Chuck Carroll

What's Natural About Eating Meat in Modern Society?

Published: 2024-03-04
Updated: 2024-03-08

The most common criticisms I've heard about eating meat is that 1) how we treat animals in factory farms is inhumane, 2) it's incredibly inefficient in terms of resources, and 3) it's destructive to the land and the larger environment. In contrast, a common argument against plant-based diet I'll hear is usually something like "a vegan/vegetarian diet is so unnatural" (second only to "Where do you get your protein!?"). I'm curious what exactly is "natural" about eating conventional meat in the modern world, specifically factory farmed meat which is what the majority of people are eating.

The meat you buy at your local grocery store is pumped full of artificial hormones to maximize profits of the meat processing company. Chickens, for example, are shot up with growth hormones so that they grow far larger than they would naturally. Cows produce 10x milk than they naturally would. Turkeys become so big that they can't even stand up.

A factory farm environment contains horrific scenes and can traumatizing, which is why you'll never be allowed to tour one of these facilities. Ears are pierced and tagged. Animals are branded with a hot iron. Tails are cut to prevent gnawing caused by anxiety. Mothers separated from their offspring shortly after birth. Instead of cattle and pigs being subjected to this, consider how awful it would be for a human. It's common practice for livestock like cows and pigs to be given antidepressants and anti-anxiety medication.

And because they're crammed together into small confined spaces and in disgustingly unsanitary conditions, such as laying in their own urine and excrement, these animals are prone to all sorts of diseases. Outbreaks are so common that they're routinely given antibiotics so product doesn't go bad. The danger here is that over time they grow antibiotic resistance so that stronger antibiotics must be use, increasing the risk of producing viruses that can effect humans. In nature, animals would not be exposed to such high levels of disease and antibiotics.

Consider all of these growth hormones, pharmaceuticals, and antibiotics that are given to livestock to keep them "healthy". We then we eat these animals.

Look at the life of a typical factory-farmed cow. They receive food, medication, and hormones from one set of machines, then get milked by another set of machines several times per day. The cow takes in the raw material and their udders produce the commodity of milk.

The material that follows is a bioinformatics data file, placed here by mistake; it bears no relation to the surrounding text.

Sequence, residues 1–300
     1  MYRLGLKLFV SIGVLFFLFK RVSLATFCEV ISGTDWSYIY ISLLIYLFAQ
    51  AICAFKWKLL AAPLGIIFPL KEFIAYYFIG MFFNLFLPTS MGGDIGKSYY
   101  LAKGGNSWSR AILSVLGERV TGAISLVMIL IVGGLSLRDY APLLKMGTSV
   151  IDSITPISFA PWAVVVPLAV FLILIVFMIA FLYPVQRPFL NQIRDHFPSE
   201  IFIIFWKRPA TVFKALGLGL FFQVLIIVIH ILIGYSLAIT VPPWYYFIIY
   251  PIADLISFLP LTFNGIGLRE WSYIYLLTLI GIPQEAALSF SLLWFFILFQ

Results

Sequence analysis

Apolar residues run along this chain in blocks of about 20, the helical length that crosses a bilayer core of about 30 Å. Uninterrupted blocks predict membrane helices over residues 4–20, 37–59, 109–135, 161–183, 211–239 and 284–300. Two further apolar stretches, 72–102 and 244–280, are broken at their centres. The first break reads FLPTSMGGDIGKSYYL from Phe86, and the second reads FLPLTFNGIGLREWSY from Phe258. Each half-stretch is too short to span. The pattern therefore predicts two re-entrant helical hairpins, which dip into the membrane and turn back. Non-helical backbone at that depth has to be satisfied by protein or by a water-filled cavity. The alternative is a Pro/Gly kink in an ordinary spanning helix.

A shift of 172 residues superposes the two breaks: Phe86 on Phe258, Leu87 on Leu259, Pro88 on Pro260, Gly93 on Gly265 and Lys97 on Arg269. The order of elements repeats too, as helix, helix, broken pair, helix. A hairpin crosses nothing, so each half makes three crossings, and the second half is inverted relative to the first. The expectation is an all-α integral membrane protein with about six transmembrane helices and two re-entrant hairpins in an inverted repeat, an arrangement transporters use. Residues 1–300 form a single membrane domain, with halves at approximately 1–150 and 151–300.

Animals whose flesh is the commodity are taken to a slaughterhouse where they're both mechanically and physically picked a part by humans. Then the remains want to want to sell is then packaged, labeled, frozen, loaded on a truck, then shipped hundreds of miles on a semi-truck to your local grocery story. What's natural about that?

I'm much less critical of slaughtering an animal oneself. If more people were forced to slaughter their own meat and come face to face with the reality of where their food comes from, there would likely be more vegetarians in the world. I'm also less critical of hunting (though shooting a deer with a hunting rifle, one could also bring up the "what's natural" question again).

I all this being said, I do acknowledge that hunting and eating animals has been a part of much of human history and important to the evolutionary development of our species. I am an animal with hundreds of thousands of years of evolutionary programming that includes a survival instinct to consume other animals in order to stay alive and increase the chances that my genes can proliferate. However, what most people don't realize about the role consuming meat in our evolutionary development is that we weren't eating meat as frequently as we are in the modern world. We were primarily grazing and gathering, not eating meat on a daily basis, much less for every meal as we are now (at least in the Western world). We live in a world of abundance and even excess in much of the world.

Undoubtedly, these concerns will trigger emotional reactions in some, possibly due to feeling their lifestyle is being "attacked", or because a meat ingredient is an essential part of a traditional family meal, their culture, or simply their favorite food. These reactions are almost as though their religious beliefs are being challenged. However, if we want to have a sane and sober discussion, we must detach these feelings from the issue, else it lead us to an arrogant and inaccurate disconnect with reality. I don't care what you eat, and for the record I cannot call myself a vegan or a vegetarian - I rarely consume meat, but when I do it's seafood. Just consider that the modern meat industry is far from what we should consider "natural". I think it's very likely that future societies will look back at our current society as being backwards in regards to the waste of resources and the suffering created through factory farming.

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